What is it that gives a home character? What makes it a place where we feel at ease and want to linger, a space that defines the character of the people who live there?


When I think back to my childhood on a farm in England, I can close my eyes and remember certain things; the ticking of the grandfather clock, a vase of fresh flowers, well-worn rugs on the stone floor, solid furniture and unique ornaments. Woodsmoke in winter and open windows in summer, the scent of the countryside, good and bad. An orphaned lamb in a box by the Aga in the spring, and milk straight from our ‘house cow’ being poured from the heavy metal pail through a muslin cloth into a jug, ready to go into the kitchen. It wasn’t perfect, nor staged in any way, it was just an old farmhouse, that was an integral part of our farm life. Read more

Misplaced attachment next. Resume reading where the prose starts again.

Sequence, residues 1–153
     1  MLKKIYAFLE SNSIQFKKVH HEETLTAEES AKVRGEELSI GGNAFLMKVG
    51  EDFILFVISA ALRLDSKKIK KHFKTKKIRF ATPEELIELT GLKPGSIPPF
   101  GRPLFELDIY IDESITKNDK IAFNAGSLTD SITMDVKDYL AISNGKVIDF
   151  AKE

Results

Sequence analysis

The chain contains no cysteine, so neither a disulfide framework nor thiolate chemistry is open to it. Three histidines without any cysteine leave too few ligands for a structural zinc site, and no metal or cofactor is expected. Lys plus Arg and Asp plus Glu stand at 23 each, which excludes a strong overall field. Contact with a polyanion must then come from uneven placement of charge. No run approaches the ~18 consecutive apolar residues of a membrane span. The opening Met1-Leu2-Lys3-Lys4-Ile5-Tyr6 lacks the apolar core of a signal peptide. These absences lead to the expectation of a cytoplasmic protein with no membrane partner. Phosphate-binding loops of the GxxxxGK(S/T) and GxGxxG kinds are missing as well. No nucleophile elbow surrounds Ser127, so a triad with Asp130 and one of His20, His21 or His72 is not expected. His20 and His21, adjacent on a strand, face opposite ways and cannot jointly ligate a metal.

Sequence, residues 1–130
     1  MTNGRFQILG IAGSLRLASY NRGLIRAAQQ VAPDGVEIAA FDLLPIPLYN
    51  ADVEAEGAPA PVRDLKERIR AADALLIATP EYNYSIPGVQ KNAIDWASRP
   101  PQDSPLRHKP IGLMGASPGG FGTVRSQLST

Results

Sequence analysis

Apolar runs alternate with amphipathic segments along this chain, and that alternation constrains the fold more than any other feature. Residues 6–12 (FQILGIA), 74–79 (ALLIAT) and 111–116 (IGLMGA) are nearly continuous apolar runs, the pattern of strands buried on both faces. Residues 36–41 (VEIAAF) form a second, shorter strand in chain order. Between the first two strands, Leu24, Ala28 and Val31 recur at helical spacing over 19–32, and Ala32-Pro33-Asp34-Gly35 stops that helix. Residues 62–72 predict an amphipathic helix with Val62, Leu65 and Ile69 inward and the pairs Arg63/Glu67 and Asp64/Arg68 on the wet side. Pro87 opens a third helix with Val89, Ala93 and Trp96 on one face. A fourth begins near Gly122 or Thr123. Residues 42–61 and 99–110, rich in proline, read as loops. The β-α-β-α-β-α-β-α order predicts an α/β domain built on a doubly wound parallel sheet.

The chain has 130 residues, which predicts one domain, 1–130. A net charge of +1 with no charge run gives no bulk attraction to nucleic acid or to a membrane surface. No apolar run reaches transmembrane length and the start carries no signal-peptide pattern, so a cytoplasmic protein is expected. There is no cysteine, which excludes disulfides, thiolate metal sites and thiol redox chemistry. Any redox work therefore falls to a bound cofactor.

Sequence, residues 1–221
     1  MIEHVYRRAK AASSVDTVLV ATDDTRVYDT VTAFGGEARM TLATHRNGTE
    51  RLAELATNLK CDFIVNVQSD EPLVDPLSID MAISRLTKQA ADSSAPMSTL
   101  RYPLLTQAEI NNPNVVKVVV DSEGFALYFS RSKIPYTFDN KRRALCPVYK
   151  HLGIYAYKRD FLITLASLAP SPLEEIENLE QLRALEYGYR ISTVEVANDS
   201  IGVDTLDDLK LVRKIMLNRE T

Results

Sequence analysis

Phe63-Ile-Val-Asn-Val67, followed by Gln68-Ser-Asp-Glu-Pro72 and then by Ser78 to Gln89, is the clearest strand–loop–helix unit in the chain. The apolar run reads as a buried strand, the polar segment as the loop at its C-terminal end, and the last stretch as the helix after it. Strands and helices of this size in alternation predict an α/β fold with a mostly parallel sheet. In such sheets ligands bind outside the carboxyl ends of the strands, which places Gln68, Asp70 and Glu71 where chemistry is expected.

The Return of The Great Picnic


With social gathering restrictions in place around the world, there has never been a better time to have a picnic. But forget the days of old with a packet of chips and soggy sandwiches wrapped in plastic. Picnics have grown up and we should put as much thought and effort into them as we do when entertaining around the dining table. I think this might be the new norm for meals with friends this summer. Read more

Guest Post: A New Found Love of Gardening During Lockdown